Jeremy Côté

The Journey to Completion

As a scientist, the usual “proof of work” is the paper1, a small artifact that encapsulates the essence of a problem and its resolution (or at least, progress the scientist makes). But the process of going from an initial idea to a finished paper is less clear for outsiders.

My goal here is to shed some light on the topic of projects, and all the work that goes into a paper. This is similar in spirit to how writers have gaps in between books in a series. Between publications dates, they need to plan, write, and edit their next book! It’s a lot of work, and makes for the long period between when a writer begins working on a book and when it goes out on shelves.

There are several stages to projects, and the time spent on each stage varies from project to project. Predicting these times isn’t the goal of this essay. Instead, I want to give future graduate students an idea of my own experience in completing a research project.

First, there’s the initial idea. It comes from a variety of places, including your supervisor, a paper you’ve read, discussions with others, or even just a burst of inspiration. At this stage, you start to poke at it, testing its boundaries.

This tends to be one of the most exciting times, because you’re still in big-picture mode, imagining how this will change the world. I’m often wrong about this, but your experience may vary.

Second, there’s the exploration. If you’re working on a mathematical result, this could mean scouring the literature for papers about this topic to see if there’s a place you can add insight. If you do experiments, my guess (not being an experimentalist myself) is that you start looking if measuring this change or quantity is even feasible. If you’re like myself and work in theory, then you might try some initial numerical simulations or play with the equations of your system.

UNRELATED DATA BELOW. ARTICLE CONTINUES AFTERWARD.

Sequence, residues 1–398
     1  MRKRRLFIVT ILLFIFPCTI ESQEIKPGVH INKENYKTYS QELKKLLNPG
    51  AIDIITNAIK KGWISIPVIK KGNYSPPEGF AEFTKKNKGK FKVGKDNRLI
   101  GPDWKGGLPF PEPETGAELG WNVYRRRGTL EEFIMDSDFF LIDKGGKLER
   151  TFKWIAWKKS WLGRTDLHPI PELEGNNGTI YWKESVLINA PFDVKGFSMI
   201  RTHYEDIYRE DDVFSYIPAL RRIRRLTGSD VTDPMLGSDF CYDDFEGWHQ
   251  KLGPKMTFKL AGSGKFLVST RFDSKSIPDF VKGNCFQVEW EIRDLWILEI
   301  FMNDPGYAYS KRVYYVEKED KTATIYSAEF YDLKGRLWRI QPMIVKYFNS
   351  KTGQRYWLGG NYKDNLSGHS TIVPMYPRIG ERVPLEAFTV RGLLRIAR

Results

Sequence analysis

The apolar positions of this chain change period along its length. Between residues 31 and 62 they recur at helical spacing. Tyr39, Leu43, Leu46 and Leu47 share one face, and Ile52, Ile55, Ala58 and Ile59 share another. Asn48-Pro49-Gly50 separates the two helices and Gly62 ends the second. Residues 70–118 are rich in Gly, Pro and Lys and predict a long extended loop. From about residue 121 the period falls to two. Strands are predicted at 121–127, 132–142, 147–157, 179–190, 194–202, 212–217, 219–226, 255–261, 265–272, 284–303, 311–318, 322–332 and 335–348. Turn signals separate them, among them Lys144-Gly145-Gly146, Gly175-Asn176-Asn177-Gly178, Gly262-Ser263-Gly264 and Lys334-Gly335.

In this stage, you will discover more about your idea. In fact, this is how you know if the initial idea is any good. Sometimes, nothing comes of it, and it dies at the exploration stage. In other cases, exploring triggers new ideas, and maybe even brings along a few surprises.

Exploring takes time. In my case, this often means writing code to test hypotheses I have before moving on to working with mathematics. I like the rapid prototyping of building a small numerical experiment and seeing if what I’m thinking even works. If it does, I’m encouraged to keep digging.

Dead ends often occur here. That’s because you’re exploring. The key is to not get frustrated by things not working out. That’s research, and it’s often confusing. I liken it to stumbling around in the dark with only a flashlight that emits a very thin beam. Sometimes you’re lucky and make progress right off, but often you’re forced to stumble in a few directions before anything looks promising.

A scientist wanders in the dark with a flashlight and says, “I thought I would be making frequent breakthroughs.”. Caption: Science: Mostly just wandering in the dark.

I’ll repeat: Failure is normal here. Don’t give up! Use your knowledge of your idea to gauge if you should keep on exploring. If it was a wacky idea, then maybe you give up on it quickly. But if the idea makes sense from multiple viewpoints, you may work on it for longer.

During the exploration stage, you will notice things. Perhaps that numerical experiment didn’t pan out, or this one found something strange you can’t explain. Maybe you found an earlier result in the literature that has some relevance to what you’re doing, though you don’t quite understand it. I collect all of these, because they will be what I use to judge if I choose to continue to the next stage.

The third stage is refinement. If you succeeded in finding several useful bits of information, then you want to take these further. To give the example of numerical experiments, you might want to scale up to larger system sizes to demonstrate a result in the thermodynamic limit. Maybe you want more samples so your results are more robust. Maybe you found out how to extend a minor result in another paper, and have hope that this can translate into a major result.